Thursday, November 06, 2008
Texel- November 6, 2008
A few weeks ago Martijn was reading his magazine that we get free from the ANWB (like AAA in the US) and he spotted something interesting that we could do when we came up here – The Schipbreuk en Juttersmusem. Schipbreuk means shipwreck, and jutten means to scavenge beaches. So a jutter is a person who scavenges beaches for interesting things. One such person is the man who founded the museum, Jan Uitgeest. He's been scavenging the beaches for things that have washed ashore for the past 56 years and has amassed quite a collection! The museum has a lot of life preservers, buoys, fisherman gloves, and other “normal” boat things that you might expect. But the interesting things are the unexpected ones: four thousand cans of powdered milk, televisions, hard hats (apparently lots of people lose their hard hats at sea), suitcases, and tennis balls.
We headed over to the museum and realized once we got there that we had no cash on us. Well, that's not completely true. I had two 50 cent coins in my pocket and Martijn had at least four 5 cent coins, so we weren't quite destitute, but it wasn't enough to pay the entry fee. So we said we'd be back and Meneer Uitgeest told us to go inside and after we were done to come back and pay later! I thought that was quite generous and we really enjoyed the time we spent there. The video of him explaining some of his funny adventures was all in Dutch but I was able to piece together some of it, and Martijn helped me by explaining a lot of it afterward. After we left and did a couple of geocaches we finally found an ATM so we could pull out some money and go pay the man! He laughed and said thanks for coming back to pay since he'd completely forgotten. We even got an autographed brochure.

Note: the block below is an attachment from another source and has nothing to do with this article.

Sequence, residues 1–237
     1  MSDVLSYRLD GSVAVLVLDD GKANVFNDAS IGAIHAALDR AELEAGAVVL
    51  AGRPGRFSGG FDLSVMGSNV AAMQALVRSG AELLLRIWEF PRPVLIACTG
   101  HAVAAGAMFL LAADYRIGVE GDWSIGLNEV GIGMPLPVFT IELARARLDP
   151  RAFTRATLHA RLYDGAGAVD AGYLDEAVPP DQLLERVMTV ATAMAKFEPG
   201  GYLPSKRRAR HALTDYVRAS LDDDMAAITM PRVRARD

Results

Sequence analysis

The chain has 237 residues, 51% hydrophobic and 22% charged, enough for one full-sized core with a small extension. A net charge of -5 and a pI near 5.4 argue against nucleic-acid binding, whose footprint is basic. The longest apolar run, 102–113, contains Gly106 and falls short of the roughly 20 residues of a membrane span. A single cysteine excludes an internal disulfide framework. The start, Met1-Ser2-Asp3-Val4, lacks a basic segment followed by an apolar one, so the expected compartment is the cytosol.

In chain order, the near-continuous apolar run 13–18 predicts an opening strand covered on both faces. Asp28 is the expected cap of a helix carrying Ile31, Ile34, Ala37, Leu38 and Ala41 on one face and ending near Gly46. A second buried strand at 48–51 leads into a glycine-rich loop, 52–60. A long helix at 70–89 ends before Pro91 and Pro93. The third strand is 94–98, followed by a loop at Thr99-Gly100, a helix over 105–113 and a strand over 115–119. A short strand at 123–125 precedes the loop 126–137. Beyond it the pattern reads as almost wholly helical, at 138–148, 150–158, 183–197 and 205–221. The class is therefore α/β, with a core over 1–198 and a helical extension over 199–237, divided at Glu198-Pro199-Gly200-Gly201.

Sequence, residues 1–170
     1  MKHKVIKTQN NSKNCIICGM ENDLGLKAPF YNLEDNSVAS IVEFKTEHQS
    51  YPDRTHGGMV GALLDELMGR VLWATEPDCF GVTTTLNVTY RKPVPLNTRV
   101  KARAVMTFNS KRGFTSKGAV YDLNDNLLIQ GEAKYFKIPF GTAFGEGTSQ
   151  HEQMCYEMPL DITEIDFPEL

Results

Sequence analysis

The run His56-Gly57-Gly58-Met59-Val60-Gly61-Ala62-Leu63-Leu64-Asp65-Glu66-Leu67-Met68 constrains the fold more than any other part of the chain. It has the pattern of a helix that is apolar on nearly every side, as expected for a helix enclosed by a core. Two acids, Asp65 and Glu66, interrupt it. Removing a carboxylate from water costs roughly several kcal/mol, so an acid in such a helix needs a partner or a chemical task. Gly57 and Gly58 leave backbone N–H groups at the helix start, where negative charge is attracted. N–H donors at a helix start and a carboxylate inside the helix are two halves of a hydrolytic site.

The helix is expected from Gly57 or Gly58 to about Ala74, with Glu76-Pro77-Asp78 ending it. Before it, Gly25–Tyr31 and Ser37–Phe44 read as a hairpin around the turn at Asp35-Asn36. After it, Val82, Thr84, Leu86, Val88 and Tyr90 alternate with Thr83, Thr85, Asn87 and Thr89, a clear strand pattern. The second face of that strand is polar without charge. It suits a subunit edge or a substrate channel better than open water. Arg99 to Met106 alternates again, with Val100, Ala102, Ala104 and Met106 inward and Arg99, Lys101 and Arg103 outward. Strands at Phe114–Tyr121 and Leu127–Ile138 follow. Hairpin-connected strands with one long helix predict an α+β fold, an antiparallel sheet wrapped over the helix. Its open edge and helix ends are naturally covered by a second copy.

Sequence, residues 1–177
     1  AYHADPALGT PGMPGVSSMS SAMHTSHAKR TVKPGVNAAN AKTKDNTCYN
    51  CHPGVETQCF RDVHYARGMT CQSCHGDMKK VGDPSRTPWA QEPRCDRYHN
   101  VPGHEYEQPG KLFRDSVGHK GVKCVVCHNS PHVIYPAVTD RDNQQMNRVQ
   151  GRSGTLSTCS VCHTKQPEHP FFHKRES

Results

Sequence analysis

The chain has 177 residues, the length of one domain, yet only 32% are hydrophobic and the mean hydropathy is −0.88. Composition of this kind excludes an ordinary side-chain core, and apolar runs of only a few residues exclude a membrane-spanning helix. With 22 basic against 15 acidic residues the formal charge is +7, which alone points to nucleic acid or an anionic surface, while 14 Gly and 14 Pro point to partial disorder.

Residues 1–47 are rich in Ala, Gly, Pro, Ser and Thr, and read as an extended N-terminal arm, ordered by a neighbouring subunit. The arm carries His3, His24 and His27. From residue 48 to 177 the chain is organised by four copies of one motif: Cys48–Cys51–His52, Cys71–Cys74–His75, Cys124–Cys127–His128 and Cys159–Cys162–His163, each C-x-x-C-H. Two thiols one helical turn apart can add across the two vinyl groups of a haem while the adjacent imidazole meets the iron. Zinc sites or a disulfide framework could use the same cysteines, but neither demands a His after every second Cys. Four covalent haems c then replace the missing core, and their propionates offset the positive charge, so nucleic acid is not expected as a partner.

The caches we went after were in the dunes known as De Muy. The first one was a rather quick find, but the second one involved some walking and climbing of lots and lots of stairs. I shouldn't complain though, at least I wasn't trying to walk my way up a huge pile of sand. There was a really lovely view from the top.